I agree on tolerance and going the distance in integrating, it is the only way forward as tiny space ship earth gets smaller and smaller with the number of people breeding the way they do.

      However, tolerance needs to be informed and not blind. A radio active source needs to have appropriate measures in place to protect one self and others need warning signs so that they too understand the hazards..

      as we move into the future, we are witnessing many claims being made and whether we like it or not, there are deadly results and consequences. Whether we like it or not, we are being forced to confront these claims and that is almost impossible if we use generic dismissals such as "tolerant views of the foilbles of the religiously incline"

      So tolerance is one thing vs informed and responsible tolerance is another. Informed tolerance and speaking out about what should not be tolerated is essential.

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    9. David Wright

      Systems Technician

      In reply to A Ahmed

      A Ahmed

      Tolerance is, by definition, always informed. Otherwise it is ignorance. Let me give you a clue to my thinking.

      I worked in Saudi Arabia, for an oil company, for fifteen years and worked and socialised with many muslims. Most of them were Saudi Arabs, but some were from India, and some from Pakistan. Some were very devout, but most were a fairly easy-going bunch, trying to build a better life for themselves and their families. Back in the UK it seems that muslims here seem to divide…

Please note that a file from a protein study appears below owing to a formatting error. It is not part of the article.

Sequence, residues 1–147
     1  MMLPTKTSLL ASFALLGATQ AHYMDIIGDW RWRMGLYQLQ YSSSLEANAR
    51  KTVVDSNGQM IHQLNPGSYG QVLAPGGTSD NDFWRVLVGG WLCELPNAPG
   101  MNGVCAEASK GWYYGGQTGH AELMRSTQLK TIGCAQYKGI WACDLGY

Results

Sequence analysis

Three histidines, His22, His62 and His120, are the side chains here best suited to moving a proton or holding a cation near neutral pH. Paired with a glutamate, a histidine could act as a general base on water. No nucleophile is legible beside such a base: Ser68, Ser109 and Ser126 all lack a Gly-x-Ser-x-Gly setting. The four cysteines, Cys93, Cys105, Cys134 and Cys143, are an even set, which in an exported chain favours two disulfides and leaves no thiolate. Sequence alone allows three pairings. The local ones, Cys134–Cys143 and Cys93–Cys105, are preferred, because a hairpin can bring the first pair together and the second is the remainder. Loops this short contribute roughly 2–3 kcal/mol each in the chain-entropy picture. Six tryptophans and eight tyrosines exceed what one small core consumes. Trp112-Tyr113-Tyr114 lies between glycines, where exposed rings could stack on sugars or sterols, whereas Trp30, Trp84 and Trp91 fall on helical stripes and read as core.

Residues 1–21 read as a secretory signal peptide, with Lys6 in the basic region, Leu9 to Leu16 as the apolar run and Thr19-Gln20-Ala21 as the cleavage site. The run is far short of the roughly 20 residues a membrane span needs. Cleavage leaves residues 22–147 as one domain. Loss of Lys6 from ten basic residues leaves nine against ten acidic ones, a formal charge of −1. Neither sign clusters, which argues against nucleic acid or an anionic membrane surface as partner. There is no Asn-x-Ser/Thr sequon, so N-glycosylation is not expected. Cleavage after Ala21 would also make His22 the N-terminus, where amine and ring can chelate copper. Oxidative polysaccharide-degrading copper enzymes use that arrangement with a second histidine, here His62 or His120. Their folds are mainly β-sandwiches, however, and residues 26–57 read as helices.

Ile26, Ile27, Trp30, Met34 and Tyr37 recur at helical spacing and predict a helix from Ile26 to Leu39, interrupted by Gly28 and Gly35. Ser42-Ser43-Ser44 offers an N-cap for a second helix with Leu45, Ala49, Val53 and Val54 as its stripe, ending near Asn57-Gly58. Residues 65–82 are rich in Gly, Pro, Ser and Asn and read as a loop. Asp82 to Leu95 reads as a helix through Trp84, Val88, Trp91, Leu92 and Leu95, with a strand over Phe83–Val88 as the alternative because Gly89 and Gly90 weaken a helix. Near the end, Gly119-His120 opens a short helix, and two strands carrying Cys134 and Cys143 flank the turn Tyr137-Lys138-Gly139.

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  1. Peter McPhee
    Peter McPhee is a Friend of The Conversation.

    Professorial Fellow in the Melbourne Graduate School of Education at University of Melbourne

    A most interesting article, thanks. It misses what is very old about these xenophobic movements, that the appeal to 'pays' or region (Alsace, etc.) is a repudiation of the nation-state as created by the French Revolution 230 years ago. We find these appeals to an imaginary past under Vichy and during the Dreyfus Affair, for example. Crazy stuff, given that regional populations are so heterogeneous now. It's for that reason that this movement cannot compete successfully with the Front National, which can deliver the anti-immigrant message while playing the more general 'France for the French' card.

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    1. Haydn Rippon

      Queensland University of Technology

      In reply to Peter McPhee

      Agree completely, the regionalism is in part a rejection of the values of the revolution, as much as it's an expression of the ethnies suppressed sometimes brutally, by the French state. In particular the Vendee rebellion in Breton.

      At the latest convention the BI president, Fabrice Robert, repudiated the notion of the movement as a political party, but rather as an activist group. It's inevitable there will be some relationship between the BI and the FN, possibly similar to relationship between Green Peace and the Green parties.

      There's so much I could write about BI. They really are an almost textbook expression of the Nouvelle Droite. Should be visiting when I do fieldwork next year.